MEGIDDO 15 May 1479 b.c.


Widely considered a military genius by historians, Thutmose III made 16 raids in 20 years. He was an active expansionist ruler, sometimes called Egypt’s greatest conqueror or “the Napoleon of Egypt.”

Forces Engaged

Egyptian: Unknown (probably approximately 10,000 men). Commander: Pharaoh Thutmose III.

Kadesh alliance: Unknown. Commander: King of Kadesh.


In the early years of the eighteenth century b.c., the power of Egypt’s Middle Kingdom was waning. That coincided with the immigration of the Hyksos, a Semitic population probably from the region of Palestine, that used superior weaponry to topple the faltering Thirteenth dynasty. The Hyksos dynasty began ruling Egypt in 1786 b.c.and lasted until 1575 b.c.By then the Hyksos had become sufficiently complacent and content to lose their edge, and the Egyptian population reasserted control over their own nation. The new pharaoh, who began the New Kingdom era, was Ahmose (ruled 1575–1550 b.c.). Ahmose was not content with merely regaining his country, but wanted to extend Egypt’s northeastern frontier to establish a strong buffer zone. He also wanted to extend Egypt’s power because exposure to foreign peoples had given the Egyptians a taste for things that could come only from outside their country. Hence, conquest and trade as well as security motivated Ahmose’s war making.

Following in Ahmose’s footsteps, later pharaohs extended Egyptian authority into the region along the eastern Mediterranean as well as southward into Nubia, modern Sudan. Under the direction of Thutmose I, Ahmose’s grandson, Egypt established hegemony in Palestine and Syria. Upon his death in 1510, however, Egyptian expansion was temporarily halted because of the attitude of the new pharaoh, Hatshepsut. Hatshepsut was daughter of Thutmose I and stepsister and wife to Thutmose II. When Thutmose II died in 1490, Hatshepsut at first ruled as regent for their young son Thutmose III, but soon threw off all pretense at regency and ruled openly as pharaoh, the only woman ever to do so. Her rule (1490–1468 b.c.) was marked by more than 20 years of peace, during which time Egypt embarked on a serious building program of constructing temples and monuments.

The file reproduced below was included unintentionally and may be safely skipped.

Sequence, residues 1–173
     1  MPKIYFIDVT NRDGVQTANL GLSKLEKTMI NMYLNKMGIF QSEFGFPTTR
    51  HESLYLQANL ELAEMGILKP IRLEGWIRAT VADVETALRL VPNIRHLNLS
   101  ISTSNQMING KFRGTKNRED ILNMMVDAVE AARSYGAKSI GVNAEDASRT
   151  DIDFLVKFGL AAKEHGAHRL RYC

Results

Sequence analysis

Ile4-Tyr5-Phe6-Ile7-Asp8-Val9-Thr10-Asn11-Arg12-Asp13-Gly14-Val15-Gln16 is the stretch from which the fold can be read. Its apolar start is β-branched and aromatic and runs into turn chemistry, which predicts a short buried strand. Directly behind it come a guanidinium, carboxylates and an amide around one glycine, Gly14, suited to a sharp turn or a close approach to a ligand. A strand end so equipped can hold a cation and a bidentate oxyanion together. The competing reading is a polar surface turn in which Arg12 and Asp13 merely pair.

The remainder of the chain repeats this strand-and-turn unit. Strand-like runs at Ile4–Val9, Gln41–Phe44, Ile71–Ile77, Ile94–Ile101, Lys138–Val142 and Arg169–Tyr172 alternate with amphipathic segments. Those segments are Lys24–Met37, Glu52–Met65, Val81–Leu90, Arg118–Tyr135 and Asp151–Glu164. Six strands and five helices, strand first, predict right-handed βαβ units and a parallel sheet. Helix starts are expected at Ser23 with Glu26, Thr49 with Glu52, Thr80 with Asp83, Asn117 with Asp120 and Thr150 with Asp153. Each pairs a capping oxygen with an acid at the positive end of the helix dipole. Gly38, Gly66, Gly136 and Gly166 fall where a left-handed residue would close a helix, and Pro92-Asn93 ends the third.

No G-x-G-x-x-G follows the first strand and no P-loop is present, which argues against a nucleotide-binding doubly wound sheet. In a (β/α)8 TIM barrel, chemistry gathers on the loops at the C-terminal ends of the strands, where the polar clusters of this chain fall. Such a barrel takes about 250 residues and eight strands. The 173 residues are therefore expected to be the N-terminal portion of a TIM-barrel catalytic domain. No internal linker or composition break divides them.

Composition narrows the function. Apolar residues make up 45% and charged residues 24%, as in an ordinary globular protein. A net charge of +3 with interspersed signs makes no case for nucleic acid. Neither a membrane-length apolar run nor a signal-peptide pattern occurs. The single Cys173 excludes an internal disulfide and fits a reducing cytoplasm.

Hatshepsut’s passive foreign policy, however, encouraged subject kings in the Middle East to ponder the idea of independence. Under the direction of the King of Kadesh, supported by the powerful Mitanni population east of the Euphrates, the states of Palestine and Syria broke free of Egypt’s rule about the time of Hatshepsut’s death.

Early rumblings of discontent had not been punished by Egyptian forces, so the King of Kadesh, who probably exercised suzerainty over most of Syria and Palestine, demanded and received affirmations of loyalty from his subject kings. Some small kingdoms in southern Palestine hesitated, perhaps remembering the days of Ahmose and the penalty for disloyalty. Kadesh sent troops to compel them to cooperate, and it seems that the kingdom of Mitanni gave Kadesh covert support. They were an up-and-coming power themselves, currently competing with the nascent power of early Assyria. If Kadesh could hurt Egypt, then the Mitanni certainly hoped to benefit.

The cause of Hatshepsut’s death has never been positively determined; it may have been assassination at Thutmose III’s direction. Whatever the reason, Thutmose III was eager to take the throne and restore Egyptian power. After directing that Hatshepsut’s name be obliterated from all public buildings, he set about rebuilding an army that had been idle for more than two decades. His southern flank was secure because the Nubians had become increasingly Egyptianized. He could therefore focus on the rebellious kings to the northeast without having to worry about threats to the rear of his army.

How many men Thutmose enrolled has never been determined. Most historians believe that no Egyptian expeditionary force ever numbered more than 25,000 to 30,000 and the first army to take the field after such a long hiatus would almost certainly not be that large. The Egyptian army was comprised primarily of infantry, carrying shields and side arms—either axes or sicklelike swords. The aristocracy fought from chariots and probably as archers. Weapons at this time were bronze. The forces that Egypt faced were equipped in much the same fashion.

In his second year as pharaoh, Thutmose III took his army into action. He appears to have been skilled as an organizer because the rapid progress his army made implies a well-laid-out logistical system. He was also the first pharaoh who, apparently, took his own chroniclers on campaign with him because the details of the march and the battle are contemporary with the campaign. Megiddo was the first battle in history for which that can be said. Thutmose departed the Nile delta at Tharu on 19 April 1479 and just 9 days later was at Gaza, some 160 miles up the coast. He arrived there on the anniversary of his coronation, but spent no time in celebration; his troops were on the march the next morning.

The Battle